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Why senior living communities are better

by Alan Symons

Nursing Homes

Nursing homes or long-term care facilities are generally institutionally owned by a church, hospital, municipalities or private owners. As a result, some nursing homes tend to look like hospitals, typically staffed by medical caregivers. In many cases, they suffer from poor funding and most house chronically ill people, which is one of the reasons for the large outbreak of serious health issues in nursing homes.

In the private ownership segment, there is a movement to build smaller POD type long-term care facilities with 10 to 20 beds and large dining and activity rooms staffed with several nurses.

Nursing homes usually receive payment from government health insurance like Medicaid and Medicare and in some cases the resident supplements with Social Security payments to cover living there. Food served in a nursing home is nutritious, but is institutional and usually not made to order.

Not all long-term care is dire. Some facilities are very nice and well run, but a few bad facilities ruin it for the ones who run great communities.

Senior Living Communities

Independent Living (IL) is mostly private pay and is suitable for people who don’t need a lot of help in day-to-day living. Assisted living (AL) is a good choice for seniors who need caregivers for basic needs, such as help with personal care needs, daily medication, etc. Memory care (MC) is a broader form of care that assists with more than just memory challenges, but also basic needs including help with feeding and daily life.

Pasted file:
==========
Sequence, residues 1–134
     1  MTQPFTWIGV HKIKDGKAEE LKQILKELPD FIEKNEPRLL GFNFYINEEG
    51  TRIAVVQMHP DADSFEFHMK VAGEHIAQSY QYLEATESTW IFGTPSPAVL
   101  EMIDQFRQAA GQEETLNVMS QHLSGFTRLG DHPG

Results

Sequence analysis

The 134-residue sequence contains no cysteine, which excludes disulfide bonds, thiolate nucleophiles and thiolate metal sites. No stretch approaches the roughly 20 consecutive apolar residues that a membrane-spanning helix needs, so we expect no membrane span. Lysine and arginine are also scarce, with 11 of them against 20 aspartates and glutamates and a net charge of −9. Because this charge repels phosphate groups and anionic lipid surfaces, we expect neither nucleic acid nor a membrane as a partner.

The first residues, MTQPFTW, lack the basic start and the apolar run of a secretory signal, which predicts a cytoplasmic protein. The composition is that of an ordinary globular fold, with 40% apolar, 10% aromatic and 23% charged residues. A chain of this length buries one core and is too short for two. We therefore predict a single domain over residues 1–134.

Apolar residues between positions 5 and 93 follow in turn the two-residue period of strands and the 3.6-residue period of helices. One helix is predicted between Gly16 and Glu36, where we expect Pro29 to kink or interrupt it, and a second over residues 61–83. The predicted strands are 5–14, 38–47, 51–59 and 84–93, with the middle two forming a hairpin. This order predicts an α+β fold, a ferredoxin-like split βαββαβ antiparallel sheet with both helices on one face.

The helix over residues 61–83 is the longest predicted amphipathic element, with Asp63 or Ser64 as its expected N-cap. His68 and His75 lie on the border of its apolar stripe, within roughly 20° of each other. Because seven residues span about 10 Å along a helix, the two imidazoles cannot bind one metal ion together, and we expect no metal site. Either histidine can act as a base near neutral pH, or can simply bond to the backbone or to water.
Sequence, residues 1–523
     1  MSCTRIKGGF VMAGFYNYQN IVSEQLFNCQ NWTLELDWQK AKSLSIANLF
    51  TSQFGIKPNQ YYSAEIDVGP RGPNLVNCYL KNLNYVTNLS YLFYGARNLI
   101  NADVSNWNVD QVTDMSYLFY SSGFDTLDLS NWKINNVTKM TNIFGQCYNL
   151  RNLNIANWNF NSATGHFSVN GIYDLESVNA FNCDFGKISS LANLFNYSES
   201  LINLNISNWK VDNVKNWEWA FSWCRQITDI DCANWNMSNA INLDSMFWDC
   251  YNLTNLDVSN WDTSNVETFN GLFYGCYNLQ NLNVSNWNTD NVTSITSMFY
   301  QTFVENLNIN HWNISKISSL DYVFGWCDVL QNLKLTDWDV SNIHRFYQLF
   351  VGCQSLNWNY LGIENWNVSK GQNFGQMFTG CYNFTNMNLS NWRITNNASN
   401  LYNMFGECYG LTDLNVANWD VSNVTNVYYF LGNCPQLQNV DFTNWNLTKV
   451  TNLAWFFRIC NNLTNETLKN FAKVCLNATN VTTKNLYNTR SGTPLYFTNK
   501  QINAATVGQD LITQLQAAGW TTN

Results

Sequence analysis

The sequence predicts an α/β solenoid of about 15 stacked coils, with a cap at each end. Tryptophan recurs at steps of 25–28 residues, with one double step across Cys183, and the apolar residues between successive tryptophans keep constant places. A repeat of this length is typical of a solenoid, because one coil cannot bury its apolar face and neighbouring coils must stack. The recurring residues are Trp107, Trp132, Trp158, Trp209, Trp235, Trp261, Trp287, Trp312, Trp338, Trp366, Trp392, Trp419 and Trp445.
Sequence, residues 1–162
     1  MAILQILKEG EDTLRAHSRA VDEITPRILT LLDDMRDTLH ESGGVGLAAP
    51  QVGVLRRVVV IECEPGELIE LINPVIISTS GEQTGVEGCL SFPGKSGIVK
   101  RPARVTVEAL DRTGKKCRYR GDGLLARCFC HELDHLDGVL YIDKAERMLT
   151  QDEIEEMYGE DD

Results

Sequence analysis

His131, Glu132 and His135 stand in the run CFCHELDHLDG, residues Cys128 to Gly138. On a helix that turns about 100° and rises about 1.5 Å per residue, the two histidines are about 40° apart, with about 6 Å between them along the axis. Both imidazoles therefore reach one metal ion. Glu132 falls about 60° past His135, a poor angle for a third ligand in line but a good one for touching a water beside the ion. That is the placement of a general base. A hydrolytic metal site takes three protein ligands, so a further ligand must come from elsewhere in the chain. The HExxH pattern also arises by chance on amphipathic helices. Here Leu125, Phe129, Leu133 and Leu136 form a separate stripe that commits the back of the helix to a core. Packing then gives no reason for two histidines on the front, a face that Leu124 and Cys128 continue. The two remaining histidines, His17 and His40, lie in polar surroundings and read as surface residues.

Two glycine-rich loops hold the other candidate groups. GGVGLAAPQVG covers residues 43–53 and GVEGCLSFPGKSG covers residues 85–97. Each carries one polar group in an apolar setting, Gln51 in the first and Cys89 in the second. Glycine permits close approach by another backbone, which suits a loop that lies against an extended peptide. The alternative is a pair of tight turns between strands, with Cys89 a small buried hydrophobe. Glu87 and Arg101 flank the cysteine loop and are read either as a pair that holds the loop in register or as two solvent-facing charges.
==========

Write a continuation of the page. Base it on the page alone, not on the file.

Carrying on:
Some communities are multi-service or known as CCRC (continuing care retirement communities), where one begins in an independent living apartment, moves to a separate assisted living section with smaller rooms, separate dining and care and sometimes in to an isolated memory care area if needed.

Some people like the idea of a CCRC as they feel that they never truly have to “move” from one level of care to the next. The reality is that no matter where you will “move” when health conditions dictate - whether a separate section in the same community or across the street, you will move to different surroundings with different people. As a result, you will experience many of the same negative aspects of moving that you may be trying to avoid.

CCRC, Assisted Living and Memory Care, provide a great deal of medical care and are licensed under government mandates and oversight. In the current climate, if a memory care resident, for example, gets sick from the flu or virus, then the entire community may be ‘locked down’ and no residents will be allowed to leave their rooms.

Unfortunately, many independent and active seniors have been locked down for almost 8 weeks with no visitors and stuck in their rooms. The recent virus has hit a few such multi service communities, but mainly in Assisted and Memory Care where chronic illness makes them more vulnerable. These communities experience large volumes of medical caregivers where some might transmit the virus coming and going.

True Independent Senior Living Communities

True independent senior living communities (IL) are filled with active residents enjoying the fruits of their labor from many years of hard work. The communities offer lovely apartments and many amenities similar to a 5-star resort including: full service dining, driver to appointments and shopping, weekly housekeeping, activities, hobbies, fitness and wellness programs. Some have putting greens, swimming pools and other educational and travel activities.